I’ve been reading a book about battling weariness and busyness so I can review it for HarperCollins. The only problem is that I had trouble finding the time to read it.

I want more time. I want more rest and relaxation. I want less stress, more vacation. Less craziness, more balance. Less anxiety, more peace. Less perfectionism, more grace.

Who doesn’t?

But do I want them enough to alter my life??Vicki Courtney, whose books I read years ago and moderately liked, has written a new book called  Rest Assured  to address the issue of out-of-control busyness in our personal and spiritual lives. She doesn’t really say anything I don’t already know, but that’s okay, because balance is a lesson slowly learned. She calls this “a recovery plan for weary souls.” To me, it’s more of a reminder than a plan, but that is half the battle: feeling convicted that the enemy of our rest is not our society; it’s me–it’s my all-consuming, ego-maniacal urge to control my own destiny with self-important pursuits and accomplishments, even under the guise of serving the Lord.

The book is divided into 2 parts: Enemies of Rest (busyness, pursuit of happiness, information overload, and worry) and Redeeming Rest (priorities, solitude, leisure, and generosity). In the second section, Courtney offers a lot of practical advice and suggestions for implementing change.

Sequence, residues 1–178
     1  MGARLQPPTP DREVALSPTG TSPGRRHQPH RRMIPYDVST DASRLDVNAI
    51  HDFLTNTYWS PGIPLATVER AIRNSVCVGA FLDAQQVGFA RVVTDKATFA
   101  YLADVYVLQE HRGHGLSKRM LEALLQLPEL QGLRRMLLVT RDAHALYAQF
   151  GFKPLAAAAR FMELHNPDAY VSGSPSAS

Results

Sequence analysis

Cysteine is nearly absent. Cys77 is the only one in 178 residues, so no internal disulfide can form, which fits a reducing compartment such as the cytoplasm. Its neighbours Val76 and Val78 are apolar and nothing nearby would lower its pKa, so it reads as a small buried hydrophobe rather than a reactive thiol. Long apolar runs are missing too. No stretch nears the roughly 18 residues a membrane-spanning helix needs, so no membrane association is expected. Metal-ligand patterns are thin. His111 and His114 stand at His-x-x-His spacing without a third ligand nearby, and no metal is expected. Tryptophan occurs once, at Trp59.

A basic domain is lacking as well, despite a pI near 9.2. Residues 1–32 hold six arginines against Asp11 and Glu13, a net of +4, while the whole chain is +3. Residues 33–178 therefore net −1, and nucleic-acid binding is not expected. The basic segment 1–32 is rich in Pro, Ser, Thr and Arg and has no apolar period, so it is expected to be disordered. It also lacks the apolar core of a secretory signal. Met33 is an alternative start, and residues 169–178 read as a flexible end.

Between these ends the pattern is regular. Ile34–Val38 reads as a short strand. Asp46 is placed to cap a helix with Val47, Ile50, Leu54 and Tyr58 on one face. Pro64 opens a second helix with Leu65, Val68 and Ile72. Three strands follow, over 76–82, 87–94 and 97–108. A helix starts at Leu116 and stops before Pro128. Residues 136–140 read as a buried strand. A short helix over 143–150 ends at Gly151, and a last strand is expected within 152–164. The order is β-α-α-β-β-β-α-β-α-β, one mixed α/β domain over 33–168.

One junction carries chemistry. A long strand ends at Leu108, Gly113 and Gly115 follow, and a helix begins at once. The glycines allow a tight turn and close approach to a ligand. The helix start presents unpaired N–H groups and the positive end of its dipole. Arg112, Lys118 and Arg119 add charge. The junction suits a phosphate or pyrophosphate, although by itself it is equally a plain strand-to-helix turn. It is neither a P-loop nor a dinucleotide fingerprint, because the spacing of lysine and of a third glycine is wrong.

It’s a worthy read. But more importantly, it’s a worthy study.

Do you really want rest from your out-of-control life? What are you willing to trade for it?

  • perfectionism
  • control
  • success (by the world’s standards)
  • activities

This is the list to cut. Just to warn you–it’s gonna hurt a little. But the pay-off is . . . aah!  I’m picturing it now.

Just as soon as I finish all my writing projects . . .

Disclosure of Material Connection: I received this book free from the publisher through the BookLook Bloggers <http://booklookbloggers.com> book review bloggers program. I was not required to write a positive review. The opinions I have expressed are my own. I am disclosing this in accordance with the Federal Trade Commission’s 16 CFR, Part 255 <http://www.access.gpo.gov/nara/cfr/waisidx_03/16cfr255_03.html> : “Guides Concerning the Use of Endorsements and Testimonials in Advertising.”

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